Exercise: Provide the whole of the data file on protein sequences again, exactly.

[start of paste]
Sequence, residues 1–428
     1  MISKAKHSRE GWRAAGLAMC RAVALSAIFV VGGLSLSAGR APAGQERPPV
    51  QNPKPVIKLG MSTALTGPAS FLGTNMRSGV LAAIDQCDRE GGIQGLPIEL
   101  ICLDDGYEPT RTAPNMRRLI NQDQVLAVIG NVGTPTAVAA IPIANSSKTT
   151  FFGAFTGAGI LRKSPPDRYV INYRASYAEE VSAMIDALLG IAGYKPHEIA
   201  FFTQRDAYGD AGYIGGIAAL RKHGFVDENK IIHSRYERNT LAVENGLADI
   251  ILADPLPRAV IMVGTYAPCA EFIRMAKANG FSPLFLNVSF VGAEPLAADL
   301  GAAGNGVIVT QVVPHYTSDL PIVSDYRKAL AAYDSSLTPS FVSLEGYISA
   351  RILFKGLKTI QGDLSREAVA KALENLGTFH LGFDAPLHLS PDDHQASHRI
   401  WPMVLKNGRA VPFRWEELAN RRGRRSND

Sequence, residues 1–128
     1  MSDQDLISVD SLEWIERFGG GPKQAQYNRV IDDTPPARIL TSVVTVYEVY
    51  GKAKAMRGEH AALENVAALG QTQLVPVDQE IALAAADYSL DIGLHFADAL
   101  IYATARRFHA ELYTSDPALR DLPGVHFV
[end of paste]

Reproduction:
Sequence, residues 1–428
     1  MISKAKHSRE GWRAAGLAMC RAVALSAIFV VGGLSLSAGR APAGQERPPV
    51  QNPKPVIKLG MSTALTGPAS FLGTNMRSGV LAAIDQCDRE GGIQGLPIEL
   101  ICLDDGYEPT RTAPNMRRLI NQDQVLAVIG NVGTPTAVAA IPIANSSKTT
   151  FFGAFTGAGI LRKSPPDRYV INYRASYAEE VSAMIDALLG IAGYKPHEIA
   201  FFTQRDAYGD AGYIGGIAAL RKHGFVDENK IIHSRYERNT LAVENGLADI
   251  ILADPLPRAV IMVGTYAPCA EFIRMAKANG FSPLFLNVSF VGAEPLAADL
   301  GAAGNGVIVT QVVPHYTSDL PIVSDYRKAL AAYDSSLTPS FVSLEGYISA
   351  RILFKGLKTI QGDLSREAVA KALENLGTFH LGFDAPLHLS PDDHQASHRI
   401  WPMVLKNGRA VPFRWEELAN RRGRRSND

Sequence, residues 1–128
     1  MSDQDLISVD SLEWIERFGG GPKQAQYNRV IDDTPPARIL TSVVTVYEVY
    51  GKAKAMRGEH AALENVAALG QTQLVPVDQE IALAAADYSL DIGLHFADAL
   101  IYATARRFHA ELYTSDPALR DLPGVHFV